Taliban torture and execute Hazaras in targeted attack

Six people killed during a night raid on a family home in Ghor province, including a 12-year-old girl

Ongoing Taliban killings indicate a pattern of attacks on ethnic minorities and members of the former security forces

15 September 2022 | Amnesty International Report


Taliban fighters killed six Hazara people in a deliberate attack on the ethnic minority group in Afghanistan’s Ghor province, Amnesty International said today following a new investigation.


On 26 June 2022, the Taliban detained and unlawfully executed four men during a night raid operation in search of a former security official. The body of at least one of those executed showed signs of torture. A woman and a 12-year-old girl were also killed during the raid.


The attack is part of a wider pattern of unlawful targeted killings of people whom the Taliban perceives as adversaries, in this case being both members of the Hazara community and those who were associated with the former Afghan government.


“The Taliban must immediately end this cruel pattern of targeted killings and, as the de facto authorities, ensure the protection of all Afghans,” said Agnès Callamard, Amnesty International’s Secretary General.


“The Taliban must investigate these killings and ensure that those responsible are prosecuted in accordance with international human rights obligations and standards. If the de facto authorities cannot provide justice, the Prosecutor of the International Criminal Court should immediately open full investigations into all cases of extrajudicial executions. In addition, along with the UN Special Rapporteur on the situation in Afghanistan, Amnesty International calls for an independent accountability mechanism in and for Afghanistan.”


Amnesty International documented similar extrajudicial executions of Hazara people in Ghazni province in July 2021, and Daykundi province in August 2021. Despite publicly promising not to target former government officials, the Taliban have still not investigated or prosecuted anyone for the killings.


Amnesty International conducted eight remote interviews, including with witnesses to the June 2022 attack, analyzed 38 photos and three videos that were taken in the aftermath of the attack, consulted a forensic pathologist to review the images of the bodies, and reviewed satellite imagery of the area to confirm the location of one of the killings. Several of the photos analyzed were published online by Taliban media, including the Ghor Province Governor Media Office, which deleted the post soon after publication.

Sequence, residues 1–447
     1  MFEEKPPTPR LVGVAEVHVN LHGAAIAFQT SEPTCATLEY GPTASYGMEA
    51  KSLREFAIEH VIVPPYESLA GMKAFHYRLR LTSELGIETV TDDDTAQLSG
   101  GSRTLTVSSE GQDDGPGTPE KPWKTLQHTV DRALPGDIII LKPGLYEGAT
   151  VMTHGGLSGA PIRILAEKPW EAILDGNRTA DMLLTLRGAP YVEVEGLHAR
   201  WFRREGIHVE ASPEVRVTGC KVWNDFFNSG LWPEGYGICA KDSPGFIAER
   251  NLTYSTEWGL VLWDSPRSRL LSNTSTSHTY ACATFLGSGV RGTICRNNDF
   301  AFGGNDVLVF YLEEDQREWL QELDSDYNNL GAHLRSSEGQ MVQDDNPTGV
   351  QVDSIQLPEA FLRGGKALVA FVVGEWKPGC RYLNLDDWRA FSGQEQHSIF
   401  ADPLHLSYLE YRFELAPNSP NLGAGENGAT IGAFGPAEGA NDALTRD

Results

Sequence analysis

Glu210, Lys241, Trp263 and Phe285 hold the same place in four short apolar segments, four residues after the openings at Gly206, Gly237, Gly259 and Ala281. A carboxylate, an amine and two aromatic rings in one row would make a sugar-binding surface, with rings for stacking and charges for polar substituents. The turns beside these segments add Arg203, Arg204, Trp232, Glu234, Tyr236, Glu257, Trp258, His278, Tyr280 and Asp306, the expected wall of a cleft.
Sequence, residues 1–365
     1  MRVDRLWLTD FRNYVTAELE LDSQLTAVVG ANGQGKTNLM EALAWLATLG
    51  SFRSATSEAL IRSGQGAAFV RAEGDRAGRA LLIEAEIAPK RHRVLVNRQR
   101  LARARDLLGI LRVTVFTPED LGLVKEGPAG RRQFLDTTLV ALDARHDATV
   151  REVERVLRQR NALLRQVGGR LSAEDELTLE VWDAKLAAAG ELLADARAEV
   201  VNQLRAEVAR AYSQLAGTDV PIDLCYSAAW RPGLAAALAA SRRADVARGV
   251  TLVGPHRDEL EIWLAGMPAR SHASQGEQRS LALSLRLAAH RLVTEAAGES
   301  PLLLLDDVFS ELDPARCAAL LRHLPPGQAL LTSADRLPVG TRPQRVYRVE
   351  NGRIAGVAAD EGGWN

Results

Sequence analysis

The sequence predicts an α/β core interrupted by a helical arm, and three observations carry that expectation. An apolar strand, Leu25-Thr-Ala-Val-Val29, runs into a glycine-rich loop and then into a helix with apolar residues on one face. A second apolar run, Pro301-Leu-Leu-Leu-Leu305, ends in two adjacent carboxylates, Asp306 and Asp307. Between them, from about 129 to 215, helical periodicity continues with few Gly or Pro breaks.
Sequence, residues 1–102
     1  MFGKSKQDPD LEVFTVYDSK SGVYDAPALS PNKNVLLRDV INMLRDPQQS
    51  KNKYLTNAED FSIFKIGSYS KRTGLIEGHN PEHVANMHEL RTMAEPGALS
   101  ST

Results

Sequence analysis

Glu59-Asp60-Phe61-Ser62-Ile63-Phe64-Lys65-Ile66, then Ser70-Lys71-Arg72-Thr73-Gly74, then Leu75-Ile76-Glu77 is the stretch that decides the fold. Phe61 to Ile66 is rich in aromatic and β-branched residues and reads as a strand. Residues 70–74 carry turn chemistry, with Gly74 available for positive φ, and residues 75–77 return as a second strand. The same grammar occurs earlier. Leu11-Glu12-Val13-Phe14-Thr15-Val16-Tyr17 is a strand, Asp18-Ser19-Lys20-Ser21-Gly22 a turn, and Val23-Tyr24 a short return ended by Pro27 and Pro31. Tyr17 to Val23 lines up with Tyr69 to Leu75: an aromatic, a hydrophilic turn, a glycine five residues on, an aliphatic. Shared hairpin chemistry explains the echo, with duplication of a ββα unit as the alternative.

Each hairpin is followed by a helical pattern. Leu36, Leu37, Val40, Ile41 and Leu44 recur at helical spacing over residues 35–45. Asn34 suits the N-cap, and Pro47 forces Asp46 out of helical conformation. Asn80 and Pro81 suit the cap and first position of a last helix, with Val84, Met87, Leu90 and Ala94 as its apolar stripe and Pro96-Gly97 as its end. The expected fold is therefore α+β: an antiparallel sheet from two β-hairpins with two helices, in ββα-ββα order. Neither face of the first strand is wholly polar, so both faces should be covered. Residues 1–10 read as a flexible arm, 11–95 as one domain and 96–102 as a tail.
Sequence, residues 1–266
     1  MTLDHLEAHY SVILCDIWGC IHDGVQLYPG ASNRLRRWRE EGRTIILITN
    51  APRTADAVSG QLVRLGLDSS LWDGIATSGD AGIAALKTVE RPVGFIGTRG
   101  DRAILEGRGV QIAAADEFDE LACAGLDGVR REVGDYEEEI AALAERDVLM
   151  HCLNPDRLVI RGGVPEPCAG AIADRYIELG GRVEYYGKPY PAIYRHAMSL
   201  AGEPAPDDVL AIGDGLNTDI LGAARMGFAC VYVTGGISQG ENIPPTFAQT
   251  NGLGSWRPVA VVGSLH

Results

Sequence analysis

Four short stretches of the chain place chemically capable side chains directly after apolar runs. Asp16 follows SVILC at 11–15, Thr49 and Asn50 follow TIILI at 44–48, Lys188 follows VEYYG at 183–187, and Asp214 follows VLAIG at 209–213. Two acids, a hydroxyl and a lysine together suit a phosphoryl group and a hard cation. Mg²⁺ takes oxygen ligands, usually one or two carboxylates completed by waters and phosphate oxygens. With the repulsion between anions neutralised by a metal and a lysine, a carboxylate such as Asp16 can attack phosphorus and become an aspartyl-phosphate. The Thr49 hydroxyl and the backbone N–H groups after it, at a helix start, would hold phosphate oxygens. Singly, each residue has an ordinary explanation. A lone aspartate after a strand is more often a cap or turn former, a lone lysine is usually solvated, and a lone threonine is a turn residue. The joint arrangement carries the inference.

Locations of killings documented by Amnesty International

Lal wa Sarjangal District, Ghor Province

Approximate center of map: 34.617, 66.122

Source: Amnesty International


Family members killed

On the night of 26 June 2022, Taliban forces raided the home of Mohamad Muradi, a Hazara man and security official under the former government who had also previously led a People’s Uprising Program force – a local militia – against the Taliban in 2020 and 2021.


Muradi had recently returned to his home in Chahar Asyab, in the Lal wa Sarjangal district in Ghor province, after failing in an attempt to flee to Iran, and then hiding in other cities around the country. Like many who had been involved in Taliban opposition, Muradi had not taken up the offer of a personalized ‘amnesty letter’ – often issued to former security and government officials, offering permission to return home in exchange for a promise to lay down arms – due to the fear of reprisal attacks by the Taliban.


Witnesses told Amnesty International that, on the night of the attack, Taliban forces fired rifles and rocket-propelled grenades at Muradi’s home, killing Taj Gul Muradi, his 22-year-old daughter, who had studied medicine and had been providing health care in the community. The attack wounded Muradi and two of Muradi’s other children, a son and his 12-year-old daughter. The girl suffered severe stomach injuries and died the next day.


Muradi’s left leg was injured, and he surrendered to Taliban forces through the intervention of local elders. However, the Taliban then dragged him outside of the house and shot him dead. An analysis of photos of Muradi’s body shows damage to the front of his shirt, indicating a likely chest wound, and an exit wound in his forehead.


Amnesty International reviewed photos and videos that show damage to Muradi’s home consistent with witness testimony. The images were also geolocated by analyzing visible features – including vegetation, nearby pavements and the buildings’ layout – and satellite imagery.